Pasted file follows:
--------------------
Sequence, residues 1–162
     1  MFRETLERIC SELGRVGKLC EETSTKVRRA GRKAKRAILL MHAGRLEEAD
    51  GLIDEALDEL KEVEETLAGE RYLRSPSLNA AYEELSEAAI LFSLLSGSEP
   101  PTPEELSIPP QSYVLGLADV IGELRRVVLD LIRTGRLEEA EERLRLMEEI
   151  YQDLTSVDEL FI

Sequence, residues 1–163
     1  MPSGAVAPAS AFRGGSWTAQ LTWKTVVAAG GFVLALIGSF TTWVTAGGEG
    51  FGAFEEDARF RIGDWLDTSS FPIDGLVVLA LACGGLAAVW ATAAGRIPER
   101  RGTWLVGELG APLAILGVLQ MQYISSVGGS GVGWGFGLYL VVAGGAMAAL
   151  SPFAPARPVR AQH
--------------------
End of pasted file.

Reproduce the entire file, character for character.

Sequence, residues 1–162
     1  MFRETLERIC SELGRVGKLC EETSTKVRRA GRKAKRAILL MHAGRLEEAD
    51  GLIDEALDEL KEVEETLAGE RYLRSPSLNA AYEELSEAAI LFSLLSGSEP
   101  PTPEELSIPP QSYVLGLADV IGELRRVVLD LIRTGRLEEA EERLRLMEEI
   151  YQDLTSVDEL FI

Sequence, residues 1–163
     1  MPSGAVAPAS AFRGGSWTAQ LTWKTVVAAG GFVLALIGSF TTWVTAGGEG
    51  FGAFEEDARF RIGDWLDTSS FPIDGLVVLA LACGGLAAVW ATAAGRIPER
   101  RGTWLVGELG APLAILGVLQ MQYISSVGGS GVGWGFGLYL VVAGGAMAAL
   151  SPFAPARPVR AQH